Op-ed column
On the removal of Okazaki Kenjiro’s work from Faret Tachikawa
Text by Fukunaga Shin

Okazaki Kenjiro, Mount Ida – The boy Paris is still shepherding, 1994
News reached me, totally out of left field, that the work by Okazaki Kenjiro might be removed from Faret Tachikawa. I made inquiries with the artist, with Faret Tachikawa art planners Kitagawa Fram / Art Front Gallery, and with the Tachikawa Takashimaya S.C. shopping center, where the work is installed,*1 and was informed that the sculpture will indeed be removed, the reason being that as of January 31 the Tachikawa Takashimaya S.C. department store precinct will close, and following construction work in autumn, a (provisionally titled) “Place du Marché” set up that will have no place for Okazaki’s creation. So the Faret Tachikawa Art management committee and Tachikawa Takashimaya S.C. are currently exploring their options with a view to removing and/or relocating the work. A start date for the new construction has yet to be finalized, but temporary fences will be going up around the site from February 1, so if you have the chance, try to go see the work in person before then.
Mount Ida – The boy Paris is still shepherding (1994) by the then 39-year-old Okazaki Kenjiro is a work of public art at Faret Tachikawa. It is a fence located at the back of the Tachikawa Takashimaya S.C. building, serving as a cover for the underground parking ventilation outlet. Inside it are various plantings. Faret Tachikawa unfolds mainly in a commercial redevelopment around Tachikawa Station, and consists of 109 works of art each serving a dual purpose as a bench, car stop or the like, installed in a manner that incorporates the surrounding environment. Foot traffic links the individual works, these loosely curated connections forming a large part of the project’s allure.*2 Obviously, the absence of one work will impact significantly on the whole project. Okazaki’s work, moreover, serves as the foundation stone of the Faret Tachikawa concept (with part of the actual project concept apparently being based on an idea of Okazaki’s). There is no denying that Faret Tachikawa occupies an important place in Japan’s public art history. Removing a work from a project like that takes quite some nerve; it certainly creates a huge problem. One that deserves to be addressed in a public forum.*3

Discussions concerning removal did take place between owners of the work Tachikawa Takashimaya S.C., and the Faret Tachikawa Art management committee. The latter is the organization that carries out maintenance at Faret Tachikawa. Art Front Gallery served as a go-between, finding out what the artist thought, and relaying that, and the issue was addressed specifically on about six separate occasions between mid-June and October. The reality is, an owner-instigated proposal to remove a work is hard to oppose, and with Mount Ida failing to fit the owner’s plans for their commercial property, there seems to have been almost no chance from the start of it being left in situ. This being the case, talks soon shifted to studying the possibilities for “relocation.” On this topic the artist also made a number of suggestions in writing via Art Front Gallery, including concerning the conditions under which his copyright on the work would be protected if it were dismantled, for example by 3D data. Tachikawa Takashimaya S.C. has indicated it is happy with this. Word has it they are currently investigating new locations for the work, and although a suitable spot has not been found in Tachikawa, it looks like dismantling can be avoided (a caution against complacency though: if no new location can in fact be found, removal will indeed mean dismantling).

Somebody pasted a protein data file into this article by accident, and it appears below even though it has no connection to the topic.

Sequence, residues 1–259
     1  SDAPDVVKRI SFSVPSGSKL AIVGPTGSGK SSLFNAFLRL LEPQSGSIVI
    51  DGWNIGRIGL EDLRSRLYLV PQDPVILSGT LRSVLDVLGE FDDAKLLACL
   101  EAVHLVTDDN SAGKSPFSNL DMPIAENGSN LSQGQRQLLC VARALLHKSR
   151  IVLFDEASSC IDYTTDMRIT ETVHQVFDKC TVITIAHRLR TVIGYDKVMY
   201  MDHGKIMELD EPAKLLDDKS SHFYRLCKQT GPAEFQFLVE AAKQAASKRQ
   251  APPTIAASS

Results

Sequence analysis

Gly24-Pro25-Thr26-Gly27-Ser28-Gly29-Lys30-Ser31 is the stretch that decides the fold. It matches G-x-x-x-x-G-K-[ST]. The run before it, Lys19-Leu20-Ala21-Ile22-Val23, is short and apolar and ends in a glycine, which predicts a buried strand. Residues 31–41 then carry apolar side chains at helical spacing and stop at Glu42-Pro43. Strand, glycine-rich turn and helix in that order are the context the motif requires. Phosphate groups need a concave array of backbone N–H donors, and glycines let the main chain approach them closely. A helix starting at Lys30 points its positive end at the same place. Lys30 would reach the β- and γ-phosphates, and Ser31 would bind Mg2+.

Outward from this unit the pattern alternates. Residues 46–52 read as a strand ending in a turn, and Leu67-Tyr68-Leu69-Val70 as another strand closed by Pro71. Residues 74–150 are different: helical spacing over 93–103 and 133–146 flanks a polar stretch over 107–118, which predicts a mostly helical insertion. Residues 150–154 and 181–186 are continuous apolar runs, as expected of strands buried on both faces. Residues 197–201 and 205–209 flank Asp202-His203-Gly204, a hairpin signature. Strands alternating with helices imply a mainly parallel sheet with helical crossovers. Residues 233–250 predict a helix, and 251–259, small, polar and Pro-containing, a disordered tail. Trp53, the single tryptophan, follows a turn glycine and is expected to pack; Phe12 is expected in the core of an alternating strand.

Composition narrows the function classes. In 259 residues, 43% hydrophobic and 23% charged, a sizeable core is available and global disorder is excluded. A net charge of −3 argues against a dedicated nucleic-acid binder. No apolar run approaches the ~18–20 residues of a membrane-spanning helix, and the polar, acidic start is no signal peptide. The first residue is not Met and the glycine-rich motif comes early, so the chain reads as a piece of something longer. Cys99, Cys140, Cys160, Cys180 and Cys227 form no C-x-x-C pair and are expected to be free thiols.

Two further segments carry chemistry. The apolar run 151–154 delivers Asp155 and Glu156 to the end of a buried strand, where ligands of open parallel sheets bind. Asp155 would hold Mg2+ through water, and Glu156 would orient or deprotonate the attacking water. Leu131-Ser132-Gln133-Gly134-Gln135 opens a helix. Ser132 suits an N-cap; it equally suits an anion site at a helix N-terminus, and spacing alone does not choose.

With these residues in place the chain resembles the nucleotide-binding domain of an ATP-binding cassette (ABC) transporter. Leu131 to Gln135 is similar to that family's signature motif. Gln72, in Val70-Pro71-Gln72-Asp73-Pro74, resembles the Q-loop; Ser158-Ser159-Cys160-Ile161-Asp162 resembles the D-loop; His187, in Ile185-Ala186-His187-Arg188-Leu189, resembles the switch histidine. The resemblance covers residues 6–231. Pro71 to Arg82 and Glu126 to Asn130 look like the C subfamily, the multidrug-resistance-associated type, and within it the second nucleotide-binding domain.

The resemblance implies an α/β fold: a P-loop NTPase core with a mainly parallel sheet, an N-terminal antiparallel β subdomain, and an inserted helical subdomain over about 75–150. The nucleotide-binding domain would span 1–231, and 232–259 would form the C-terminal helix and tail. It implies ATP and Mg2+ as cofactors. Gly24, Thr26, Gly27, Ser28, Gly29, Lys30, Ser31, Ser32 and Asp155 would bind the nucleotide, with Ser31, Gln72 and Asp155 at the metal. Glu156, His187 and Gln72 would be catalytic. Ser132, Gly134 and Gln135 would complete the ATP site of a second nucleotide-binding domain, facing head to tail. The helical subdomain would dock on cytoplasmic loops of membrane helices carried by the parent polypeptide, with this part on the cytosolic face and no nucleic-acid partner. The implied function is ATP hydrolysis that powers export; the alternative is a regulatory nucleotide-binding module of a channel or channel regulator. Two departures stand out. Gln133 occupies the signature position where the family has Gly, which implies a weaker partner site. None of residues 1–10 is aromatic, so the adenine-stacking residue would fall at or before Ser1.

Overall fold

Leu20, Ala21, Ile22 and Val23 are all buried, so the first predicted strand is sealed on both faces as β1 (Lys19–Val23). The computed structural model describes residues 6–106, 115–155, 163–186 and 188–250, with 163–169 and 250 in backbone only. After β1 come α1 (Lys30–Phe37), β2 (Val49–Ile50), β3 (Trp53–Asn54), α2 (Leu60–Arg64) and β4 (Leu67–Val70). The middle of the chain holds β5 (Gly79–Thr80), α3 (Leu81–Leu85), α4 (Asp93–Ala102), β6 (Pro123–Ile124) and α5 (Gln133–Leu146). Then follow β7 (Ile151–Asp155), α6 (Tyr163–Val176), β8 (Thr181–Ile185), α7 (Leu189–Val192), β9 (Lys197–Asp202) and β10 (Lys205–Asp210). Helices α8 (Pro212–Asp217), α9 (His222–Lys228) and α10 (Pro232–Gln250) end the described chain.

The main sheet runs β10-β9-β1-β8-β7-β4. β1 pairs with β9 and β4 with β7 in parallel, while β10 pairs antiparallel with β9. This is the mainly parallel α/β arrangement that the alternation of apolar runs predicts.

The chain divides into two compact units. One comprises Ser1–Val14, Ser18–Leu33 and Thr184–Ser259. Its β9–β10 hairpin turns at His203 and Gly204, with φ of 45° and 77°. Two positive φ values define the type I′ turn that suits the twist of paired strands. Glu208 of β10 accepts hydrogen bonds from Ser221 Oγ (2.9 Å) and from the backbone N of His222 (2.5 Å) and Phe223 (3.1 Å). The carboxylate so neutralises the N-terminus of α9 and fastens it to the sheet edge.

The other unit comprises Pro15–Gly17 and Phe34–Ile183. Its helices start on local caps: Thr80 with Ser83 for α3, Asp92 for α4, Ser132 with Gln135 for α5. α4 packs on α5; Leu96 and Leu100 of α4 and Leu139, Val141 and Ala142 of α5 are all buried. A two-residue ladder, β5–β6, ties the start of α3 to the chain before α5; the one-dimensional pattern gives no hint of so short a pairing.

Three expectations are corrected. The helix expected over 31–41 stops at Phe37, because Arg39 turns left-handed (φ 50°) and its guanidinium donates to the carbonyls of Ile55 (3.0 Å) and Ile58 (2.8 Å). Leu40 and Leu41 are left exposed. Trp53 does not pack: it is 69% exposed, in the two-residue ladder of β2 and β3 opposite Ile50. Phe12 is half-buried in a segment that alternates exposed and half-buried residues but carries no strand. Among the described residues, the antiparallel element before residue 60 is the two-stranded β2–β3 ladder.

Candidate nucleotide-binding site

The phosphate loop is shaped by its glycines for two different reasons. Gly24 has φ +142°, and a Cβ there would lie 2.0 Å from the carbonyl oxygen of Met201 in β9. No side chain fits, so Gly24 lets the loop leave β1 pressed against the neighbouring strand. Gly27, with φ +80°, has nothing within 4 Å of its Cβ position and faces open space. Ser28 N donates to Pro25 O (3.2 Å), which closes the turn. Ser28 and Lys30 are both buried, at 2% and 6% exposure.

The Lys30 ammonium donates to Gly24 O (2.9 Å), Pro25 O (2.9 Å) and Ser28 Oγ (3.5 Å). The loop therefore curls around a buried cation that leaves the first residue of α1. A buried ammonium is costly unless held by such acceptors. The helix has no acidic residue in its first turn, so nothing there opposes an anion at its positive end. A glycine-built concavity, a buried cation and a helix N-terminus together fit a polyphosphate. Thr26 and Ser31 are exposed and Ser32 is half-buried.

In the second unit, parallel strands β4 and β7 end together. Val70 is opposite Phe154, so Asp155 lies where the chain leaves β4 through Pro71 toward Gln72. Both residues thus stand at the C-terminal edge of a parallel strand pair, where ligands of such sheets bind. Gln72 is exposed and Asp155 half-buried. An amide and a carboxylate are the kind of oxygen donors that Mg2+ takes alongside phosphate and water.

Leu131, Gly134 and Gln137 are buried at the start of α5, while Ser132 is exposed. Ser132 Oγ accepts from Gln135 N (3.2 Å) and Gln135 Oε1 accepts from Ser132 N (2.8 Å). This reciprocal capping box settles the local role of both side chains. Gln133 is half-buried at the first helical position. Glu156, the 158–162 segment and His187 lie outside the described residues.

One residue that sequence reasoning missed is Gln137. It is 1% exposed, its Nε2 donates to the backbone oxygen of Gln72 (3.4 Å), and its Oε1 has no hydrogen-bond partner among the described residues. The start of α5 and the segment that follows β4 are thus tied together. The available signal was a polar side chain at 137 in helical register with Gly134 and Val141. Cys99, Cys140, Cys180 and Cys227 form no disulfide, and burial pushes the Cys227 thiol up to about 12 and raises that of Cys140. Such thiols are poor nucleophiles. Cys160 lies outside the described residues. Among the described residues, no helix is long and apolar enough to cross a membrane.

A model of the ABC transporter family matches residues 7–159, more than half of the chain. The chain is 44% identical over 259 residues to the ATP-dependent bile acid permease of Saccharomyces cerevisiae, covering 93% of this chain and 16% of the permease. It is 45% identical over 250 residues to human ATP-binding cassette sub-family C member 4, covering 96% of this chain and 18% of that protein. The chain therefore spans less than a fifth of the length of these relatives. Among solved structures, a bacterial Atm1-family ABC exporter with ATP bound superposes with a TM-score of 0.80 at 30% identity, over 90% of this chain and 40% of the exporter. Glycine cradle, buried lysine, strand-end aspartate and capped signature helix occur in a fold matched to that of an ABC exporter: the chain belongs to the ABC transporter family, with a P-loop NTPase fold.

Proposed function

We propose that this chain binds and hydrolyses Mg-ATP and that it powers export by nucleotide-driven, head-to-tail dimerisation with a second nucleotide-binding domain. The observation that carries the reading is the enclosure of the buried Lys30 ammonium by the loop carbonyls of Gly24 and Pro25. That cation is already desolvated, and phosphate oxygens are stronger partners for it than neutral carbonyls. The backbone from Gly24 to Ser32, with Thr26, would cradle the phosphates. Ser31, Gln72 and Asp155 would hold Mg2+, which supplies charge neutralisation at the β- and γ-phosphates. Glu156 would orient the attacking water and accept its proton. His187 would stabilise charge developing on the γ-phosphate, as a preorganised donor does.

While taking my hat off to those putting in all this effort, I have a couple of sticking points with the whole proceedings.

The first is the dearth of information. Faret Tachikawa has almost mythical status in Japanese public art, and for one of its constituent elements—one of its works—to no longer be there, is a pretty big deal. Information on this change should have been made widely available early on. But no information was disseminated at all. I just happened to hear from someone involved that “it looks unfortunately like Mount Ida‘s going to be removed” (early October), and surprised, asked the artist about it. Why has nothing been said? It would seem because ultimately, there has been no proper consensus around the removal. In the aforementioned discussions, matters are proceeding on the basis of de facto agreement, but because a formal decision has not been made, it would seem no information can be released externally. Thus there is a risk that information will only be made available immediately prior to the work being carted off. Public art is, as the name suggests, public, and not merely “property.” The owner is not the only party with a say in its fate, and for almost thirty years Mount Ida has been integral to the environment, a familiar feature in countless lives. It was designed specifically as a fence for the air vent, so if “relocated” would lose one of its vital elements: that of also having a practical purpose. If only we had known about all this much earlier: for the sake of those wanting to see it before it is relocated, and of any Faret Tachikawa fans or locals wanting to express their opposition to its removal.